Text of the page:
Botticelli_ChartOfDantesHell (1)

Botticelli’s Map of Dante’s Inferno

Truth is, if you have read a Dan Brown novel, you have read them all. To a lot of readers, Dan Brown’s newest installment in the adventures of the fabled Harvard professor of symbology Robert Langdon will feel and read like a deja vu. The adventure, the mystery and the pretty girl is a formula that worked well for his past bestsellers, and that is what the reader can expect to find in Inferno as well. Though it did not have the same amount of decoding and deciphering that made The Da Vinci Code and Angels and Demons contemporary hits, its reliance on the fascinating symbology found in Dante’s The Divine Comedy and the lively descriptions of Florence made up for the ‘barely there’ mystery and decoding. On the overall, Inferno will pique most readers’ interest and can rightfully be dubbed a page-turner.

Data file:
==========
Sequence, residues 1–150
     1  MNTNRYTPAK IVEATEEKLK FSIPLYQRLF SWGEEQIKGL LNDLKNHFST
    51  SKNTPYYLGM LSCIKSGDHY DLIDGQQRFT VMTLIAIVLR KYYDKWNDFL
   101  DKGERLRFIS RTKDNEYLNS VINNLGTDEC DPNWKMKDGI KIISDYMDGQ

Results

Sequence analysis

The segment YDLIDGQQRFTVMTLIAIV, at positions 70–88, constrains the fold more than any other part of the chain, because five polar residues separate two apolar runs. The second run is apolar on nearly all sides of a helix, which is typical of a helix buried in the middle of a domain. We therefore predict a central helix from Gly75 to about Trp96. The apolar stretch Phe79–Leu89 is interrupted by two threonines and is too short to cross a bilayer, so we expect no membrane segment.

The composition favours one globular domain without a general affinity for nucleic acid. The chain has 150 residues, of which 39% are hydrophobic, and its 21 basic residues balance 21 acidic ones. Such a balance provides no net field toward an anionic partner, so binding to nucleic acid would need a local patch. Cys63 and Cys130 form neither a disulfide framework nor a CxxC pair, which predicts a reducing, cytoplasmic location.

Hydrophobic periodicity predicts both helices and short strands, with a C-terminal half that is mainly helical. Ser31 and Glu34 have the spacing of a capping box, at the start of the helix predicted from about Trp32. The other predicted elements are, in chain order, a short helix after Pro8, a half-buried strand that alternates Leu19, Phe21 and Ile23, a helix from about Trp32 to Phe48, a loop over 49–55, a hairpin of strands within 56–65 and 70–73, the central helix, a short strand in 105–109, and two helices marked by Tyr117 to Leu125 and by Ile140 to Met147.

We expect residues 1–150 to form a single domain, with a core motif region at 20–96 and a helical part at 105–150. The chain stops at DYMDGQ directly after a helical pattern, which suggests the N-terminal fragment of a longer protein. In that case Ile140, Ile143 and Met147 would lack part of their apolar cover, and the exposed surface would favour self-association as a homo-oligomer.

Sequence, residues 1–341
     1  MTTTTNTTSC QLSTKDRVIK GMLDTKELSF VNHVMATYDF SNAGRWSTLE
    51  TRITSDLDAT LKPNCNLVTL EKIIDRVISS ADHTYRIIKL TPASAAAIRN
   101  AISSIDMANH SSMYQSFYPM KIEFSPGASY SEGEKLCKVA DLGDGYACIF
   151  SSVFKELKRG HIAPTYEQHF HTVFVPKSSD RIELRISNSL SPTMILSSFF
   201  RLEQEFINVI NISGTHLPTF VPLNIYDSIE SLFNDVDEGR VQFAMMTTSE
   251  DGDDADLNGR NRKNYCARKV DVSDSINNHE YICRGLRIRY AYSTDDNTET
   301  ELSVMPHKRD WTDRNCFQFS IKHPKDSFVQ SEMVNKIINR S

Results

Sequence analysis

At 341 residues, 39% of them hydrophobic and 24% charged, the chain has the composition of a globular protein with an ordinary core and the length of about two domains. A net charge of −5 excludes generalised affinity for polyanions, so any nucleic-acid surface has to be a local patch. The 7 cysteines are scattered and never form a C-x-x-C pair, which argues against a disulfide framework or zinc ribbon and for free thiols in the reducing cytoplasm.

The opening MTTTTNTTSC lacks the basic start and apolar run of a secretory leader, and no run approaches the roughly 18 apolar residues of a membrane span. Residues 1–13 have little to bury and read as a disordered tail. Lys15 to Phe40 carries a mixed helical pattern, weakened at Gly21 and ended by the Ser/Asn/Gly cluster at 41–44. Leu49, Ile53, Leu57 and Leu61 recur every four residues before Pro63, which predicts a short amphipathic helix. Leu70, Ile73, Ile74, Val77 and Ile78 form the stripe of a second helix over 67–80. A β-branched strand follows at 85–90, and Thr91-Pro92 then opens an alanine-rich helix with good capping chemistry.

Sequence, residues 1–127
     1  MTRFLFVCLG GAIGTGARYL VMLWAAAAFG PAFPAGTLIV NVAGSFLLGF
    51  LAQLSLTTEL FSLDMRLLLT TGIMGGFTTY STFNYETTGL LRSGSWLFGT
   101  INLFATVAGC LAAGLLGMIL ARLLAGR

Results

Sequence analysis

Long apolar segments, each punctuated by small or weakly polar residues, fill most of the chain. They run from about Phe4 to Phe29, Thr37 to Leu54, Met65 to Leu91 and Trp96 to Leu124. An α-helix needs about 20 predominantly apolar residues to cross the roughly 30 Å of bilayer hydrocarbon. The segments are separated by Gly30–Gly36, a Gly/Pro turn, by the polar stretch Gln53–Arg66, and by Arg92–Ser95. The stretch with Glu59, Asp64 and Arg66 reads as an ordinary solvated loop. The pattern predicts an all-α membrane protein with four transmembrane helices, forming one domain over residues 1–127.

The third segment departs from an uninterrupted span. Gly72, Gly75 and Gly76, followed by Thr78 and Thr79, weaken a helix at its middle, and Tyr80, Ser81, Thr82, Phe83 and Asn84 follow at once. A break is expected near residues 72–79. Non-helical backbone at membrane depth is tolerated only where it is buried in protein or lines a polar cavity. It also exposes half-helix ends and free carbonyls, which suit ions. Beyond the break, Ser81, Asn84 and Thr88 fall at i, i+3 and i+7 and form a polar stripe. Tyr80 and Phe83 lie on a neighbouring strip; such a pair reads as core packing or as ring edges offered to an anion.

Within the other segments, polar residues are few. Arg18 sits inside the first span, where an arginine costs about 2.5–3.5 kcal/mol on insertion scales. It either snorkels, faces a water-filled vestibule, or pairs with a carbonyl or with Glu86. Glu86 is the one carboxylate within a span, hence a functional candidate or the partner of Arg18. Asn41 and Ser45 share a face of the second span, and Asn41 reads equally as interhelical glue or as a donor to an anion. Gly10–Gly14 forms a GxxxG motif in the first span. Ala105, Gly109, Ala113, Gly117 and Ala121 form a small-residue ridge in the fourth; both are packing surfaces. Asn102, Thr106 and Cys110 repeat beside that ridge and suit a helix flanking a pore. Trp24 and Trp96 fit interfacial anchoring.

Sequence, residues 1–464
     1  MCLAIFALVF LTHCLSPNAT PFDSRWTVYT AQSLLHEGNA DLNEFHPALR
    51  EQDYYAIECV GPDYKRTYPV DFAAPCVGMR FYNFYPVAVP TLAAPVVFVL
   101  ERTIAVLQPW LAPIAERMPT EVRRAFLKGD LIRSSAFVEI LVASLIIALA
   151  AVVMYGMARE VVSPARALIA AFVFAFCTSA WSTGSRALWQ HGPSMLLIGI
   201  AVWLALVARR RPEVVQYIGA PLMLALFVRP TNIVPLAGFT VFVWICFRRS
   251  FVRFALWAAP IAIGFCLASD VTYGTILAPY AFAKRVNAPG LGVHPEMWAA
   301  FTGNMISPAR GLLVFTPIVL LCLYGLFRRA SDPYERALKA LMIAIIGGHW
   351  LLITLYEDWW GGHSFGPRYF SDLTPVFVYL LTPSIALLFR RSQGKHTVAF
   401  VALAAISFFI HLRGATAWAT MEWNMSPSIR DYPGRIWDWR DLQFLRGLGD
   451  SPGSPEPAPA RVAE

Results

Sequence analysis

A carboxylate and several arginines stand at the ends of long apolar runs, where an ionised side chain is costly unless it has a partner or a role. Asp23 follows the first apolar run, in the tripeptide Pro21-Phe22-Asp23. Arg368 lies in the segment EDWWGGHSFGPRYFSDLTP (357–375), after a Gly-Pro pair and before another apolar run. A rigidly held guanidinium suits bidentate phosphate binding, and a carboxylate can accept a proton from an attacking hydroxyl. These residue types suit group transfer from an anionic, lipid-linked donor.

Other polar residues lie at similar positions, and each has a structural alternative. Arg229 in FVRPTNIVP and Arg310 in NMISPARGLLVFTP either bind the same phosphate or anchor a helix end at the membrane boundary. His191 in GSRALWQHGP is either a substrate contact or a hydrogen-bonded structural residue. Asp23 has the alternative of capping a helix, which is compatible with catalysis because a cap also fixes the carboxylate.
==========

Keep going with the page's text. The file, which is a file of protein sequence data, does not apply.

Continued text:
When it comes to plot, no one can accuse Dan Brown of not being innovative. The novel starts off with Robert Langdon waking up in a hospital chamber, suffering from amnesia and unable to recall the events of the past forty-eight hours of his life. There he meets the Sienna Brooks, a pretty young doctor who turns out to be a genius in disguise. It is not long before Robert Langdon discovers he is being hunted: by both a dangerous hired assassin, his government and mysterious dreams a mountain of human bodies rotting in Dante’s iconic hell. Symbolically, Langdon has the duty of being someone’s Virgil on a journey that could lead to the discovery of a dangerous virus that threatens life on Earth, or its activation.